Public and firm interests in public service diversifications.William R. Fannin & Carol B. Gilmore - 1985 - Journal of Business Ethics 4 (5):415 - 418.
    Public service organization's increasingly are considering diversification into new “for-profit” or “high-profit” enterprises. Such undertakings offer a number of potential benefits to both the organization and the public. They also have potential problems. This article examines some of the major types of benefits and problems in hopes that both public service managers and public policy makers will give a balanced consideration to these diversification efforts.
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  13.  64
    Images in ethics codes in an era of violence and tragedy.Susan Keith, Carol B. Schwalbe & B. William Silcock - 2006 - Journal of Mass Media Ethics 21 (4):245 – 264.
    In an analysis of 47 U.S. journalism ethics codes, we found that although most consider images, only 9 address a gripping issue: how to treat images of tragedy and violence, such as those produced on the battlefields of Iraq, during the 2005 London bombings, and after Hurricane Katrina. Among codes that consider violent and tragic images, there is agreement on what images are problematic and a move toward green-light considerations of ethical responsibilities. However, the special problems of violence and truth (...)
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  14.  66
    “Secret” Casualties: Images of Injury and Death in the Iraq War Across Media Platforms.B. William Silcock, Carol B. Schwalbe & Susan Keith - 2008 - Journal of Mass Media Ethics 23 (1):36 – 50.
    This study examined more than 2,500 war images from U.S. television news, newspapers, news magazines, and online news sites during the first five weeks of the U.S.-led invasion of Iraq in 2003 and found that only 10% showed injury or death. The paper analyzes which media platforms were most willing to show casualties and offers insights on when journalists should use gruesome war images or keep them secret.
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  15.  21
    Bioethics Mediation: A Guide to Shaping Shared Solutions.Jacquelyn Slomka, Nancy Neveloff Dubler & Carol B. Liebman - 2005 - Hastings Center Report 35 (2):45.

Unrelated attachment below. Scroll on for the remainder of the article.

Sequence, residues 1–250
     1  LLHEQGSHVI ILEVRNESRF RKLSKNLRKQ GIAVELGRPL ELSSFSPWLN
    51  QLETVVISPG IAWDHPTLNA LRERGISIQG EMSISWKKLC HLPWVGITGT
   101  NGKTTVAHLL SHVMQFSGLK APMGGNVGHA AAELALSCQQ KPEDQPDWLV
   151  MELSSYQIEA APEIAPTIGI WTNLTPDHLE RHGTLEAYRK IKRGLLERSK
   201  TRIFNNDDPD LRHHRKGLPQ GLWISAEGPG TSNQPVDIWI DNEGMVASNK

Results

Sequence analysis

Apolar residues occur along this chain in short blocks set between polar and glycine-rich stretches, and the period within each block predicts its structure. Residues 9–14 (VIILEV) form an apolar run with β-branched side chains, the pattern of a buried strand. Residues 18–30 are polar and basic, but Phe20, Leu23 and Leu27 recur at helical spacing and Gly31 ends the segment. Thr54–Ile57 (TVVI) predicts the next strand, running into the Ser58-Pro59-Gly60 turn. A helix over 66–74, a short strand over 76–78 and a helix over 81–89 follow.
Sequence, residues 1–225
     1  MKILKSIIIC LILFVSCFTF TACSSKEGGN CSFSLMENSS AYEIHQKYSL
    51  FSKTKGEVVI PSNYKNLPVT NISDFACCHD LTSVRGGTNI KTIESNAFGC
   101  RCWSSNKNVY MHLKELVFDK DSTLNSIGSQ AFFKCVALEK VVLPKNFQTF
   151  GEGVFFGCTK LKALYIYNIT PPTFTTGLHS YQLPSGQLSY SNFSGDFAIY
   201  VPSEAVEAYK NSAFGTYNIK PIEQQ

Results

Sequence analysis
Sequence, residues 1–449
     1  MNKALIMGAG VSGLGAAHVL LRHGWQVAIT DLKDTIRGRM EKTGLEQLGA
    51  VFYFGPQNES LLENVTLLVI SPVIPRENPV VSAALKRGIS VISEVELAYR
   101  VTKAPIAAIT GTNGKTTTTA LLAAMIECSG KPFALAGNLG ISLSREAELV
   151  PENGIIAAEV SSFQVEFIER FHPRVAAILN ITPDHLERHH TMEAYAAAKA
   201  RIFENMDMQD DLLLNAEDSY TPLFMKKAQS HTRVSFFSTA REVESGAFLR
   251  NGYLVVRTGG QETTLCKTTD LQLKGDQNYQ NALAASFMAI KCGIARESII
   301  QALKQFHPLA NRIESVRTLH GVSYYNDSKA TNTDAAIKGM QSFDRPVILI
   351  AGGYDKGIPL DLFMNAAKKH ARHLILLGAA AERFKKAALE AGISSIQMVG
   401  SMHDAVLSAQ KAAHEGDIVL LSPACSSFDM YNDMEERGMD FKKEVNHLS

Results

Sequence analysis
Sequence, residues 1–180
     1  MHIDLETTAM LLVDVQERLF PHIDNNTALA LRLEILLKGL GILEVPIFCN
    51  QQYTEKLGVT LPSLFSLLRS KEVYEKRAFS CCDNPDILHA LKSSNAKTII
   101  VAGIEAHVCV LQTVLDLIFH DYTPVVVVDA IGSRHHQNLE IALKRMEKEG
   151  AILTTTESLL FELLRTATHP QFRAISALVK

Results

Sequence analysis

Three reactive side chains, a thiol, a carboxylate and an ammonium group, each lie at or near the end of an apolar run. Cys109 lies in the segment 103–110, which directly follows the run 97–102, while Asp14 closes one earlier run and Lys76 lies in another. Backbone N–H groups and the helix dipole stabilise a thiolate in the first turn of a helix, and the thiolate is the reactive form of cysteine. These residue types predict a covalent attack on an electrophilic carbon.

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  16.  18
    Book Review Section 2. [REVIEW]E. Wayne Ross, Carole B. Shmurak, Rebecca Powell, Jacob L. Susskind, Linda B. Biemer & J. Preston Prather - 1994 - Educational Studies 25 (4):311-334.
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  17.  21
    Book Review Section 2. [REVIEW]Robert L. Emans, Carole B. Shmurak, M. Alayne Sullivan, James M. Wallace, Gunilla Holm & Leo W. Pauls - 1994 - Educational Studies 25 (3):233-263.
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  18.  13
    Eighty-Sixth Critical Bibliography of the History of Science and Its Cultural Influences.Harry Woolf, Phyllis Brooks Bosson & Carol B. Hewitt - 1961 - Isis 52 (3):445-526.
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  19.  37
    A perfect storm: examining the synergistic effects of negative and positive emotional instability on promoting weight loss activities in anorexia nervosa.Edward A. Selby, Talea Cornelius, Kara B. Fehling, Amy Kranzler, Emily A. Panza, Jason M. Lavender, Stephen A. Wonderlich, Ross D. Crosby, Scott G. Engel, James E. Mitchell, Scott J. Crow, Carol B. Peterson & Daniel Le Grange - 2015 - Frontiers in Psychology 6.
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  20.  53
    The Public Health Workforce and Willingness to Respond to Emergencies: A 50‐State Analysis of Potentially Influential Laws.Lainie Rutkow, Jon S. Vernick, Maxim Gakh, Jennifer Siegel, Carol B. Thompson & Daniel J. Barnett - 2014 - Journal of Law, Medicine and Ethics 42 (1):64-71.
    Law plays a critical role in all stages of a public health emergency, providing an infrastructure for planning, response, and recovery efforts. A growing body of research has underscored the potential for certain types of state laws, such as those granting liability protections to responders, to influence the public health workforce's participation in emergency responses. It is therefore especially important to focus on particular state-level laws that may be associated with individuals' increased or decreased willingness to respond. We conducted a (...)
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  21.  68
    The Public Health Workforce and Willingness to Respond to Emergencies: A 50-State Analysis of Potentially Influential Laws.Lainie Rutkow, Jon S. Vernick, Maxim Gakh, Jennifer Siegel, Carol B. Thompson & Daniel J. Barnett - 2014 - Journal of Law, Medicine and Ethics 42 (1):64-71.
    Law plays a critical role in all stages of a public health emergency, including planning, response, and recovery. Public health emergencies introduce health concerns at the population level through, for example, the emergence of a novel infectious disease. In the United States, at the federal, state, and local levels, laws provide an infrastructure for public health emergency preparedness and response efforts: they grant the government the ability to officially declare an emergency, authorize responders to act, and facilitate interjurisdictional coordination. Law (...)